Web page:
Implications and Diasporas: English Studies in Scotland’s higher education institutions
This project engaged with immigrant, non-white and minority students studying English at Scottish universities, in order to uncover and assess their concerns and experiences. The methods used were consultations with English departments, workshops, student scrapbooks and video and audio interviews. Attention focused on experience of pre-admissions, induction, teaching methodologies and curriculum content. Once initial contacts were made, the key researchers used department representatives to contact students who had identified themselves as minority groups in terms of race, colour, ethnicity, faith and nationality, while recognising the rights of students who did not wish to be so classified. Students kept scrapbooks registering their engagement with HE processes and were also be interviewed on video. The project concluded with a report both on the methodology of the project and on its findings, available on the English Subject Centre website.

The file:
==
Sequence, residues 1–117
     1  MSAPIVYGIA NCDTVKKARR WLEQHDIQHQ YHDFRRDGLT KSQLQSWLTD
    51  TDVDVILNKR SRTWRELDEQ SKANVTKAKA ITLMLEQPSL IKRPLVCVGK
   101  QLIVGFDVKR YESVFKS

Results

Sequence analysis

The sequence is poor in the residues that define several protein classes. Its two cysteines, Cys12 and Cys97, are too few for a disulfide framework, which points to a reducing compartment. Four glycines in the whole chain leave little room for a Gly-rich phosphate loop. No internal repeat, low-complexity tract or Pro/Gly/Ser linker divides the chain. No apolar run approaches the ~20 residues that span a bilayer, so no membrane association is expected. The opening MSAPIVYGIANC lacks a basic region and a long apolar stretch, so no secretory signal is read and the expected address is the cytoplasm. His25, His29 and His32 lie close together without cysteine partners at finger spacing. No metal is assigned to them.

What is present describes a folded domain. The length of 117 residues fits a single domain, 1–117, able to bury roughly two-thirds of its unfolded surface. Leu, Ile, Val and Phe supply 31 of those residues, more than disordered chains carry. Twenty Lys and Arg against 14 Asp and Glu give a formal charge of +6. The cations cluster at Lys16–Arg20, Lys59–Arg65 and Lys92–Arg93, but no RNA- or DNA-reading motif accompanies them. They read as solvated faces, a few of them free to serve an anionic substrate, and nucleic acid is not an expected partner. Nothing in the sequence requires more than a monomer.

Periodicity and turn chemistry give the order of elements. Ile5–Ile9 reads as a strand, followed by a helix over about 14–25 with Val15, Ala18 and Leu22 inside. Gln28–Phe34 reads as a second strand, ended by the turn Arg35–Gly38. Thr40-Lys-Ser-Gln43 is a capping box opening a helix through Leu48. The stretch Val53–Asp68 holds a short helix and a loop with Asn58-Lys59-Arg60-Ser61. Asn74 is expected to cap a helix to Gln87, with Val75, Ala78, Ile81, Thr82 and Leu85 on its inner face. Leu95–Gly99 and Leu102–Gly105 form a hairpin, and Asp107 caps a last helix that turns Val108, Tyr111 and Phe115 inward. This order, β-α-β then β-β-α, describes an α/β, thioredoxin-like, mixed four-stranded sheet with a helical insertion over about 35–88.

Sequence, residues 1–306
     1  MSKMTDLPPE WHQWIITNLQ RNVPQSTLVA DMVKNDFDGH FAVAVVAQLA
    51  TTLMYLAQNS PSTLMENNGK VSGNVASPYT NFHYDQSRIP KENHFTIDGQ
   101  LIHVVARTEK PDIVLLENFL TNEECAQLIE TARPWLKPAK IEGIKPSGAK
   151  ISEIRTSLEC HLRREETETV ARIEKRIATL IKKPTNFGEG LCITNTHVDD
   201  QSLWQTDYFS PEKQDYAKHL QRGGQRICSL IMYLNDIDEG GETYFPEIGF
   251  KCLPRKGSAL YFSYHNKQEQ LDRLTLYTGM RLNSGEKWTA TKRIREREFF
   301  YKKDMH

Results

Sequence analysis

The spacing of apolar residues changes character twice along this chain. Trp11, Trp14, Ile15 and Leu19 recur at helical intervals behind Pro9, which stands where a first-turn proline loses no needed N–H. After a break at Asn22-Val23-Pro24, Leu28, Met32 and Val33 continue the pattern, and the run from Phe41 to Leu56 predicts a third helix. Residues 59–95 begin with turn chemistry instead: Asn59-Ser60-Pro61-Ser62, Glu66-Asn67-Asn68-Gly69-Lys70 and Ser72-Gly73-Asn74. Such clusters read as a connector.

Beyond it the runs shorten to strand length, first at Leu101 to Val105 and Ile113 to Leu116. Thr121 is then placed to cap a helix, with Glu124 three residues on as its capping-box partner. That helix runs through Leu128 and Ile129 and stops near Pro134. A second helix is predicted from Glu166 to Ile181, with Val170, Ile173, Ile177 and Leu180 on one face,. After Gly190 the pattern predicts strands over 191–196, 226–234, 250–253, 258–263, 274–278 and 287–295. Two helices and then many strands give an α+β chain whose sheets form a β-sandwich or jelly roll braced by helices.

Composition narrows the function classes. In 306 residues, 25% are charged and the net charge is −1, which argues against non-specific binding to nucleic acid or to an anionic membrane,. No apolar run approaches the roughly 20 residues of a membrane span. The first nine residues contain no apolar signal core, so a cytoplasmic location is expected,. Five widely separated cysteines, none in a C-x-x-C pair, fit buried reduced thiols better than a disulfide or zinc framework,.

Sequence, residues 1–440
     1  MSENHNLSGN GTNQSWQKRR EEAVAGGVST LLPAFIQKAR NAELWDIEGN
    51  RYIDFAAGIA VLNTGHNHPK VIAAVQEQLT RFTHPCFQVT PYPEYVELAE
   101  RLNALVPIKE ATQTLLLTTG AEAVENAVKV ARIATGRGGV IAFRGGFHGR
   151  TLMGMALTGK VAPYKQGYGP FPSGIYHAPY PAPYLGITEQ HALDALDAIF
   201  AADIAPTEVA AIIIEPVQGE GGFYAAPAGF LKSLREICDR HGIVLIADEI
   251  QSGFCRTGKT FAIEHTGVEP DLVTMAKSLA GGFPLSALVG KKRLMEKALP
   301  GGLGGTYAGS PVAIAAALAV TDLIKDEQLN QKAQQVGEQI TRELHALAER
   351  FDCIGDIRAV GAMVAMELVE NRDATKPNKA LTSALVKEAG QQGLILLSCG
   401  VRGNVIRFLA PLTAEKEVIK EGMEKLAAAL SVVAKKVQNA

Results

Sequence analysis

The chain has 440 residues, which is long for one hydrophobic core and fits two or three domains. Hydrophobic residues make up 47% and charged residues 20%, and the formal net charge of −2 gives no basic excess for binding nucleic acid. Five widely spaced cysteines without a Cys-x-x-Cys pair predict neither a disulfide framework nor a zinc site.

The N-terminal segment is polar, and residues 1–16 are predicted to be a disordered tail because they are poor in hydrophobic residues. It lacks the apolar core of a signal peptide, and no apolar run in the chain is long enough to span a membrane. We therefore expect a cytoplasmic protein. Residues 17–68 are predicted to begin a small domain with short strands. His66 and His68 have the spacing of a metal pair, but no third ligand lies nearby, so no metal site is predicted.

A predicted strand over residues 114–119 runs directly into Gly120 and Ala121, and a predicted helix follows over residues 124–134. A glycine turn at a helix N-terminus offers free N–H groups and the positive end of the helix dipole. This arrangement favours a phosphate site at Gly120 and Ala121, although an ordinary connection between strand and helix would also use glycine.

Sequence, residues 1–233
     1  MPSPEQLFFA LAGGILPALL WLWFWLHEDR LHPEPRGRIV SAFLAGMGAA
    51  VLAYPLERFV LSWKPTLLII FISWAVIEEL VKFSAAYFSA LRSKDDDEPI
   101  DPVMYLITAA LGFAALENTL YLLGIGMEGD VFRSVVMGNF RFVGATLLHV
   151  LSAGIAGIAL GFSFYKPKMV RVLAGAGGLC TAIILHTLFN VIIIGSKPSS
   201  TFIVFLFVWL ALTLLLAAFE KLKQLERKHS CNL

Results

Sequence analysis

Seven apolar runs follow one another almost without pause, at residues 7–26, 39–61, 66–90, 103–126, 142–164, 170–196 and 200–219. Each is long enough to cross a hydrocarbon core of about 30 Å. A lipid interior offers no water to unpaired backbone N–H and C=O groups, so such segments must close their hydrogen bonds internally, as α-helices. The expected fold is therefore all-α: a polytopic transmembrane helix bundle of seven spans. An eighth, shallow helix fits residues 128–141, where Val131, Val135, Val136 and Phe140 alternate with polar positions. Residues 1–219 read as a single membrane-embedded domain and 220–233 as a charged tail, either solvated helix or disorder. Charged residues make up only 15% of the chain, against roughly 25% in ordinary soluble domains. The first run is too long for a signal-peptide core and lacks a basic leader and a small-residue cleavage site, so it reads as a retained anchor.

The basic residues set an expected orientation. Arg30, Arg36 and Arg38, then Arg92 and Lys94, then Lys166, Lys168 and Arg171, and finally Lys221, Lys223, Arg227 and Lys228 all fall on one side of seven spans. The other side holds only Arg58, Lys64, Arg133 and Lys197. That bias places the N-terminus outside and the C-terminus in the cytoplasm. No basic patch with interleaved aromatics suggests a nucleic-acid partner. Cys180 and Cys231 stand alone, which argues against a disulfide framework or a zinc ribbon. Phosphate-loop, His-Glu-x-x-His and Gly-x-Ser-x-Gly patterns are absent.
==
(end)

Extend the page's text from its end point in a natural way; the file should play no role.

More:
It was regarded as essential that the students retain their roles as independent subjects within the system, rather than becoming objects for analysis by academics–hence the use of scrapbooks. The research and data collected will help teachers of English in the UK to perceive, pre-empt and try to resolve tensions produced by racial and religious difference as well as enrich English studies through a recognition and acceptance of diversity and through a readiness to rework and so revitalise English as a subject taught in higher education.
University of Dundee
Project completed: 2008